Cristal House / Gómez De La Torre & Guerrero

Courtesy of Gómez De La Torre & Guerrero

Architects: Gómez De La Torre & Guerrero
Location: Playa Señoritas,
Project Architects: María Del Carmen Guerrero Yábar , Enrique Gomez De La Torre
Project Area: 504 sqm
Photographs: Courtesy of Gómez De La Torre & Guerrero

Building Omega / Metropolis

Courtesy of Metropolis

Architects: Metropolis
Location: ,
Architect In Charge: Jose Orrego
Area: 36,860 sqm
Year: 2013
Photographs: Courtesy of Metropolis

P12 House / Martin Dulanto

© Juan Solano

Location: , Peru
Project Area: 205 sqm
Project Year: 2012
Photographs: Juan Solano

Surrounded House / 2.8x arquitectos

© Javier Florez

Architects: 2.8x arquitectos
Location: ,
Architects In Charge: Nikolás Briceño, Jaime Sarmiento
Collaborators: Caroline Ore, Erick Bergelund
Area: 410.0 sqm
Year: 2013
Photographs: Javier Florez

House on the Hill / Jose Orrego

© Juan Solano

Architects: Jose Orrego
Location: ,
Collaborator: Anahí Bastian
Area: 950 sqm
Year: 2013
Photographs: Juan Solano

Veronica Beach House / Longhi Architects

© Juan Solano

Architects: Longhi Architects
Location: , Peru
Architect In Charge: Luis Longhi
Project Team: Carla Tamariz, Christian Bottger
Area: 650 sqm
Year: 2013
Photographs: Juan Solano

In Progress: Place of Remembrance / Barclay & Crousse

© Cristobal Palma

Architects: Barclay & Crousse
Location: ,
Project Architects: Sandra Barclay and Jean Pierre Crousse
Collaborators: Paulo Shimabukuro, Carlos Fernandez, Sebastián Cilloniz, Rosa Aguirre, Mauricio Sialer
Project Area: 4,896 sqm
Project Year: 2014
Photographs: Cristobal Palma


Courtesy of

Location: La Molina District,
Project Architects: Patricia Llosa Bueno, Rodolfo Cortegana Morgan
Project Year: 2007
Photographs: Cortesia de LLOSA CORTEGANA

House in La Jolla Beach / Juan Carlos Doblado

© Juan Solano

Architects: Juan Carlos Doblado
Location: La Jolla
Project Area: 468 sqm
Project Year: 2012
Photographs: Juan Solano

House in Palabritas / Metropolis

© Elsa Ramirez

Architects: Metropolis
Location: , Peru
Architect In Charge: Jose Orrego
Design Team: Anahi Bastian
Area: 230 sqm
Year: 2009
Photographs: Elsa Ramirez

Casuarinas’ House / Metropolis

© Juan Solano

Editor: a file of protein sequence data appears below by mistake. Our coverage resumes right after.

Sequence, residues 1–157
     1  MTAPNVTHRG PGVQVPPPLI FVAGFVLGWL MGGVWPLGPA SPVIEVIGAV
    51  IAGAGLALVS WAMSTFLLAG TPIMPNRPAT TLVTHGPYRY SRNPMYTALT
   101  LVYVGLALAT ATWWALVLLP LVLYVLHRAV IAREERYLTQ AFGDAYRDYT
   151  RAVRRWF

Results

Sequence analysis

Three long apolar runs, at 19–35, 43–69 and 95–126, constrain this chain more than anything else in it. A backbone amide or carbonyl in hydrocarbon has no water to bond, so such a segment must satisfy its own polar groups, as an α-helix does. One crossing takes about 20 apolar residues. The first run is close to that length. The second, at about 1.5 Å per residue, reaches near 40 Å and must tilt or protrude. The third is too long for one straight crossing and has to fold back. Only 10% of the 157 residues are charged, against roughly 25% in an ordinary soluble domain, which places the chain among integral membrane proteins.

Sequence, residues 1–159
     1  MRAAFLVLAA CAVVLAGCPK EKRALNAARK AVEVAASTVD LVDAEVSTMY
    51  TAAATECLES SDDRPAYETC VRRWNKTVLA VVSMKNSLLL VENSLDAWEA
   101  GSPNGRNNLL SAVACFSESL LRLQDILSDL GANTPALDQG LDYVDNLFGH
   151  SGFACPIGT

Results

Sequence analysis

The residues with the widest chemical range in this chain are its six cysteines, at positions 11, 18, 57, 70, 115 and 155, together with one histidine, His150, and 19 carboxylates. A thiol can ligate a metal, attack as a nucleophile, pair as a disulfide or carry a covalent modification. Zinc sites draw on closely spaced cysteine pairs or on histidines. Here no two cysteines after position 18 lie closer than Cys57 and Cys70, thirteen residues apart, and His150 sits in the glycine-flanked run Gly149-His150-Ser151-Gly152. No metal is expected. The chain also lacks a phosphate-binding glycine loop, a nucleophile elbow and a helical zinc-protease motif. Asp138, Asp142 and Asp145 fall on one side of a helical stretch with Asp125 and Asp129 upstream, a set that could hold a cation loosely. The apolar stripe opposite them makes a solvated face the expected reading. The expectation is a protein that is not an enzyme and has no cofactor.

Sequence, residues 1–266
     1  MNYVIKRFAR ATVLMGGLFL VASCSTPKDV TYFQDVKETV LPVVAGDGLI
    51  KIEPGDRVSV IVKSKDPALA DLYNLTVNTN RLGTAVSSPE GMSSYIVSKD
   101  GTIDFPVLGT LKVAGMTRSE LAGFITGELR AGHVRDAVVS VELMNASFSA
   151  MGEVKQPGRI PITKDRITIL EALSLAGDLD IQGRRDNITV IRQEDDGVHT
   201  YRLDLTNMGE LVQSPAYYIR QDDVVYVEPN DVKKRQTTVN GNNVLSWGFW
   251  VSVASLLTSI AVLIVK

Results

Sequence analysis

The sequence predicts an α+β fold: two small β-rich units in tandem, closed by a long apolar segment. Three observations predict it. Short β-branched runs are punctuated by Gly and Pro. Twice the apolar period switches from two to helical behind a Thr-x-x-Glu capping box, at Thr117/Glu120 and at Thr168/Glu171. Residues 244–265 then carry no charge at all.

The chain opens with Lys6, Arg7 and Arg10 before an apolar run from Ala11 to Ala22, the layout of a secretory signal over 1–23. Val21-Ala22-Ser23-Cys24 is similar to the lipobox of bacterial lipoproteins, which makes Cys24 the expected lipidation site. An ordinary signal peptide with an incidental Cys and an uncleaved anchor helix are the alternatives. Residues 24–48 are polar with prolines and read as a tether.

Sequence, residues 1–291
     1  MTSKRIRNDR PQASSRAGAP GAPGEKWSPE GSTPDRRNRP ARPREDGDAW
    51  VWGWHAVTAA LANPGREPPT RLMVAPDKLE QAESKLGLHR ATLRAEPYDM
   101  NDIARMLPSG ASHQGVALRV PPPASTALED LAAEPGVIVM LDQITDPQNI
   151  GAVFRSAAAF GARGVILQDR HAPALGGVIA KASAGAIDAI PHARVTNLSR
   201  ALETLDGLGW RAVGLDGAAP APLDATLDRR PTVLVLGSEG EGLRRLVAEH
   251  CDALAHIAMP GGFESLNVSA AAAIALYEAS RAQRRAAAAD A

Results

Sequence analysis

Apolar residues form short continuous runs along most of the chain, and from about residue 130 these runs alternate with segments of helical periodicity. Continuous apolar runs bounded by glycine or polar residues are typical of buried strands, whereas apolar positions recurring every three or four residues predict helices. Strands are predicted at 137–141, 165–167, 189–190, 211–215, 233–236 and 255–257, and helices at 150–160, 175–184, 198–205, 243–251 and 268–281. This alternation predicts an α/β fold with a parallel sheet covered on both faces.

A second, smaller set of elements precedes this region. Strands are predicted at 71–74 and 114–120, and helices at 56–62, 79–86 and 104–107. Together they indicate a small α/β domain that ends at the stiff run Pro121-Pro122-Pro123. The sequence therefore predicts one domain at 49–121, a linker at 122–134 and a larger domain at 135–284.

Architects: Metropolis
Location: Casuarinas, , Peru
Architect In Charge: José Orrego
Area: 330 sqm
Photographs: Juan Solano

A House Forever / Longhi Architects

© Juan Solano

Architects: Longhi Architects
Location: La Planicie, ,
Principal In Charge: Arch. Luis Longhi
Project Team: Arch. Carla Tamariz, Arch. Christian Bottger
Area: 550 sqm
Year: 2013
Photographs: Juan Solano

Cachalotes House / Oscar Gonzalez Moix

© Juan Solano Ojasi

Architects: Oscar Gonzalez Moix
Location: La Molina District,
Design Team: Ernesto Bartra, Jose Miranda, Edith Rojas. Beatriz Rodriguez
Constructor: Enrique Matellini Ingenieros E.I.R.L.
Area: 590.0 sqm
Year: 2010
Photographs: Juan Solano Ojasi

La Planicie House II / Oscar Gonzalez Moix

© Juan Solano

Architects: Oscar Gonzalez Moix
Location: ,
Design Team: Ernesto Bartra, Beatriz Rodríguez, Nicolás Moser
Constructor: Ing. Jose Luis Bustios
Area: 905.0 sqm
Year: 2012
Photographs: Juan Solano, Courtesy of Oscar Gonzalez Moix

VIDEO: 40 Years On, The Lessons of PREVI

The students of the MSArch in Landscape and Urbanism program at Woodbury University in San Diego have shared this video on Proyecto Experimental de Vivienda (PREVI): a late 1960s social housing experiment in Lima, , which, backed by the Peruvian government and the UN, involved the best social housing architects of the day.

The designs, part of the later, more humanist strain of modernism, were intended to allow families – who were used to holding complete control over the construction of their own homes – to appropriate the houses. However, they were also designed to imply how future construction might prevent the proliferation of chaos present in previous slums. The video asks how residents feel about their experimental homes today, questioning the success of this design strategy, 40 years after the project’s completion.

Find out more about the outcome of the PREVI experiment, after the break…

Billboard in Lima Harvests Drinking Water Out of Thin Air

The billboard reads “A panel that produces potable water out of air is ingenuity in action.” Courtesy of UTEC.

According to the UN, about 60% of the world’s population will be living in cities within the next 8 years – a human migration that adds more and more strain on cities’ sanitation and resources. One of these many urban centers is Lima, Peru, the second largest desert capital in the world that receives less than 2 inches of rain a year. Despite its nearly nonexistent rainfall, has some of the highest atmospheric humidity anywhere – 98%.

The University of Engineering and Technology of Peru (UTEC) and an ad agency called Mayo DraftFCBand saw great opportunity in this invisible source of water and created a billboard that can capture this humidity and turn it into potable drinking water for nearby residents.

Read on to find out how it’s done.

Malecon Castilla House / David Mutal Arquitectos

© Gonzalo Cáceres

Architects: David Mutal Arquitectos
Location: Lima,
Area: 345 sqm
Year: 2011
Photographs: Gonzalo Cáceres

Barranco No. 436 / JSª

© Sebastián Castillo

Architects: JSª
Location: Barranco, , Perú
Team: Javier Sánchez, Irvine Torres, Francisco de la Concha, Eduardo Zambrano
Area: 540 sqm
Year: 2012
Photographs: Sebastián Castillo